"We gained nothing but glory;
and lost our best men."- Capt. J.T. James, 11th Virginia
Sunrise, Gettysburg, 1997
Click here for Northern viewpoint.
Taken from Seminary Ridge, this dawn view shows the ground traversed by The Army of Northern Virginia to the Union position on Cemetery Ridge in the distance during "Pickett's Charge" on July 3, 1863. Pickett's division came from the right while the right flank of Pettigrew's marched straight along the position now occupied by the fence line. The two divisions converged at "The Angle" in the distance close to where the sun is rising. It was arguably the greatest charge of the war and marked the beginning of an irreversible decline in the fortunes of the Confederacy. This great Southern army was never to recoup the losses suffered here on that day. Under Robert E. Lee's command, The Army of Northern Virginia still had many great battles to fight and a long march into legend after this day but never again would it pose a credible invasion threat to the North.
To the right, just barely out of the field of view of this photograph, occurred one of the most dramatic "little" events of this war. Robert E. Lee, astride his gray war horse "Traveler," met the remnants of the broken divisions streaming back from Cemetery Ridge after being repulsed by the Army of The Potomac, a foe they had beaten so often and so thoroughly in the past. He had come to think of his army as being virtually invincible and had hurled two divisions against the strong Union center . . . into the very maw of massed Yankee artillery. Unlike so many of the great battles of the past in this war, the Northern army stood to their guns. They had found the stolid leadership best suited to their superiority in numbers and materiel. There would be no shirking in the blue ranks this day. Their guns would sweep the field with merciless accuracy, and the infantry would bide their time while the artillery did its work.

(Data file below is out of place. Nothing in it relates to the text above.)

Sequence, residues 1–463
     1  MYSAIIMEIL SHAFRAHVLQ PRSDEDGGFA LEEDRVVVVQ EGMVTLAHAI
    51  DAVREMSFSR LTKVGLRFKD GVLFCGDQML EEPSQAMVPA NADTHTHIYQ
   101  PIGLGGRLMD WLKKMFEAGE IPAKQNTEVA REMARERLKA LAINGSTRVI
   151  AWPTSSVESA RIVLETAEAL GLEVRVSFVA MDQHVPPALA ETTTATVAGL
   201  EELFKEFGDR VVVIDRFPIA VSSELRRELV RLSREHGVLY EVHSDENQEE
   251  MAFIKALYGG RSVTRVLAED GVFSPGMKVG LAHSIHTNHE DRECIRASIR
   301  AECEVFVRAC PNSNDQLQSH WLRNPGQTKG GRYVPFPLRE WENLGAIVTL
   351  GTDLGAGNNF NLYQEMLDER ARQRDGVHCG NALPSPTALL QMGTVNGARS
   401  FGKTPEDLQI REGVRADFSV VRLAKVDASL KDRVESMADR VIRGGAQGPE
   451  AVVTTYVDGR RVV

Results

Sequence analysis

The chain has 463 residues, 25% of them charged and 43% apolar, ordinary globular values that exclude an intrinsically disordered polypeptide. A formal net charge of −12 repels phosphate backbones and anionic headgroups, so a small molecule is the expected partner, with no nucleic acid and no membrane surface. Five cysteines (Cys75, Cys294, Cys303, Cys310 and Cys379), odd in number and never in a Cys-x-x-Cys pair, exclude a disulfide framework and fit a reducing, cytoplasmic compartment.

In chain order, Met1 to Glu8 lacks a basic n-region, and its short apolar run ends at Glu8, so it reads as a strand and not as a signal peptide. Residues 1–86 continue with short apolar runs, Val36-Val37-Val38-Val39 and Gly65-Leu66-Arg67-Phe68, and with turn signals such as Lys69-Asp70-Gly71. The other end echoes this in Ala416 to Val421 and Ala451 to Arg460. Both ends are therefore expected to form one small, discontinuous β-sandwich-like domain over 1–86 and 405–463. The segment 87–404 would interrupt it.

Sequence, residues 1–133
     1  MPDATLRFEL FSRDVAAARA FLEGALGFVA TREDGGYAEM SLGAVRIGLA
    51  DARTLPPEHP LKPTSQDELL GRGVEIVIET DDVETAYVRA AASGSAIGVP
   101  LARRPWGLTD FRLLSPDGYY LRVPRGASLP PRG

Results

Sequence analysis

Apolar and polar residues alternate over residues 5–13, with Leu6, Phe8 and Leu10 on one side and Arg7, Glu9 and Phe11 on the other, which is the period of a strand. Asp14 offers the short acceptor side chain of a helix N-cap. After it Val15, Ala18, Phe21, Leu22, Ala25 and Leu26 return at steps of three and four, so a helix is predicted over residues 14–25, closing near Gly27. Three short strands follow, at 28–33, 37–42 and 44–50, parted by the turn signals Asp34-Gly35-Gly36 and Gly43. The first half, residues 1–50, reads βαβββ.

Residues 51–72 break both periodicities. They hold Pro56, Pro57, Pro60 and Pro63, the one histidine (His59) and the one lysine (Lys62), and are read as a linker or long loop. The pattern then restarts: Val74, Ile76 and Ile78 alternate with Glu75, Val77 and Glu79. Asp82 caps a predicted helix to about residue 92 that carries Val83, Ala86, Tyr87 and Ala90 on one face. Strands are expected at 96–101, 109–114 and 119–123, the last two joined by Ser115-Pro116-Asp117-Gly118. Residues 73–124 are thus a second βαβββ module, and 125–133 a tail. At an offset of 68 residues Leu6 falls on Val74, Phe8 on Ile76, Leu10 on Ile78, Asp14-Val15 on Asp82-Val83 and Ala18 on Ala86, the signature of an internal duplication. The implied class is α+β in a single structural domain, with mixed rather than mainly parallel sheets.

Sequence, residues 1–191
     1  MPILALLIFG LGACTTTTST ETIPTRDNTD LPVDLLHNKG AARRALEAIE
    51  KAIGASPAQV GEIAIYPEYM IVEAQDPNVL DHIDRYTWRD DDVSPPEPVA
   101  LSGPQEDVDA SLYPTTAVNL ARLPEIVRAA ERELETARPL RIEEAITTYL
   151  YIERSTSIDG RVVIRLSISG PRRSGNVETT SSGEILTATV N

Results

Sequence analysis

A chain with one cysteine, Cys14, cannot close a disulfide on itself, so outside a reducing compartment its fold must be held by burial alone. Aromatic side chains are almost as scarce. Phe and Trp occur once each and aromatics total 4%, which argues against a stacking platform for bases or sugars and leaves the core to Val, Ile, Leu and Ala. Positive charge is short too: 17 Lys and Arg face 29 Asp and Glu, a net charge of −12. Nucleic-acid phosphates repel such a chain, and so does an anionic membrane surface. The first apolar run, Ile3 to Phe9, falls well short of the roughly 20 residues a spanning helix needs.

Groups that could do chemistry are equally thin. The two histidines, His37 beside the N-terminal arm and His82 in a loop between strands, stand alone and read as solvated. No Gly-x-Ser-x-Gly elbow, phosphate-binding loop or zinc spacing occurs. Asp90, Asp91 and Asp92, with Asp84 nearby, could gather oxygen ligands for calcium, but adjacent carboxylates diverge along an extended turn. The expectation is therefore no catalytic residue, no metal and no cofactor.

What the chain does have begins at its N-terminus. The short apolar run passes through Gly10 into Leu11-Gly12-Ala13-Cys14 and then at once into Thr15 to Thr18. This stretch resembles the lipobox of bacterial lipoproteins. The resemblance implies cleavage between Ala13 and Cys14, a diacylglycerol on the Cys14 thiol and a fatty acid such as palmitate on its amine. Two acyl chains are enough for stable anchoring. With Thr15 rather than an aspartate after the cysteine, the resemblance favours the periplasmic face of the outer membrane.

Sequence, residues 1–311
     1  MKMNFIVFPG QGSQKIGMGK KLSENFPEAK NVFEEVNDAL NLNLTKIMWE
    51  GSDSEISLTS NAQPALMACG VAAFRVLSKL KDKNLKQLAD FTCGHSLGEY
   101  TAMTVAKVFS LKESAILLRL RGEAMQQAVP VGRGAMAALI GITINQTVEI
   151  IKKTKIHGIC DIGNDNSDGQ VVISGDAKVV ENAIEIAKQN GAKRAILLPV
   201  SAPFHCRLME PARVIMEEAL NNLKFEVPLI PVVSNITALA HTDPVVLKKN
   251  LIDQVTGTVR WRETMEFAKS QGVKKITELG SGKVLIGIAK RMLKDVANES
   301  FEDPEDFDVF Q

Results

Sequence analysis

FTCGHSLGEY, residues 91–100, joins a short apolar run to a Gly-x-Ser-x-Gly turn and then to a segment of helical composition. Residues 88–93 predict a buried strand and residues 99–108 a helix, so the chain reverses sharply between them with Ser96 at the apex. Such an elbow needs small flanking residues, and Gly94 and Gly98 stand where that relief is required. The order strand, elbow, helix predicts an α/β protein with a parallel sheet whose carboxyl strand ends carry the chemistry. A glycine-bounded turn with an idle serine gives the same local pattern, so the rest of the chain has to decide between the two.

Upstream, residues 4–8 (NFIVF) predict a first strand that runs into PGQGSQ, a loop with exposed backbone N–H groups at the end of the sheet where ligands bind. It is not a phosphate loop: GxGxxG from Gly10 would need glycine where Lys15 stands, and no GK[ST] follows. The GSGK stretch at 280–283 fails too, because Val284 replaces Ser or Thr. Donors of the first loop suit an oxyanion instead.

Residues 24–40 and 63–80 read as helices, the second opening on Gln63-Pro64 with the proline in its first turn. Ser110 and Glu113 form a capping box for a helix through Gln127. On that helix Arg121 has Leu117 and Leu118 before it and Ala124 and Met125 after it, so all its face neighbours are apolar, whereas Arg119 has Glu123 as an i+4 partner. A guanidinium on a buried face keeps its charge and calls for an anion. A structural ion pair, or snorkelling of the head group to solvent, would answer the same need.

Lee had ordered the charge, despite the protestation of his second-in-command, General James Longstreet, who, prior to the final advance, remonstrated with the Commanding General,
"General, I have been a soldier all my life. I have been with soldiers engaged in fights by couples, by squads, companies, regiments, divisions and armies and should know, as well as anyone, what soldiers can do. It is my opinion that no fifteen thousand men ever arrayed for battle can take that position."
While the precise number will ever be a matter of debate amongst scholars, some say Lee sent a mere 10,500. They were catastrophically repulsed. Lee met them on Traveler as they returned from the first real defeat they had known in this war. There was no denial of responsibility, no blaming of subordinates for the failure, no excuses. He had sent his men to do what could not be done and he knew it. His words, uttered with anguish from astride Traveler's back to the broken and bleeding men . . .
"All this has been my fault!"
Is it any wonder they loved the man?
While there would be victories in the future for this army, all would be followed by movement further south into Confederate territory even after fending off their northern foes. It would be nearly another two full years before Traveler would carry The General through the Union lines on yet more sorrowful business . . . the surrender of The Southern Army to General U.S. "Unconditional Surrender" Grant at Appomattox.
It is for these reasons that the field depicted in this photograph is said to be the place of "The Confederate High Water Mark." It was here that the Southern cause was irretrievably lost to history as Pickett's and Pettigrew's divisions were shattered under the ferocity of Union artillery massed along the skyline.
General Robert E. Lee mounted on "Traveler."
Photographed early in 1865, some 18 months after Gettysburg and only weeks before Traveler carried Lee to the fateful surrender at Appomattox on April 9th.
Click here for Northern viewpoint.
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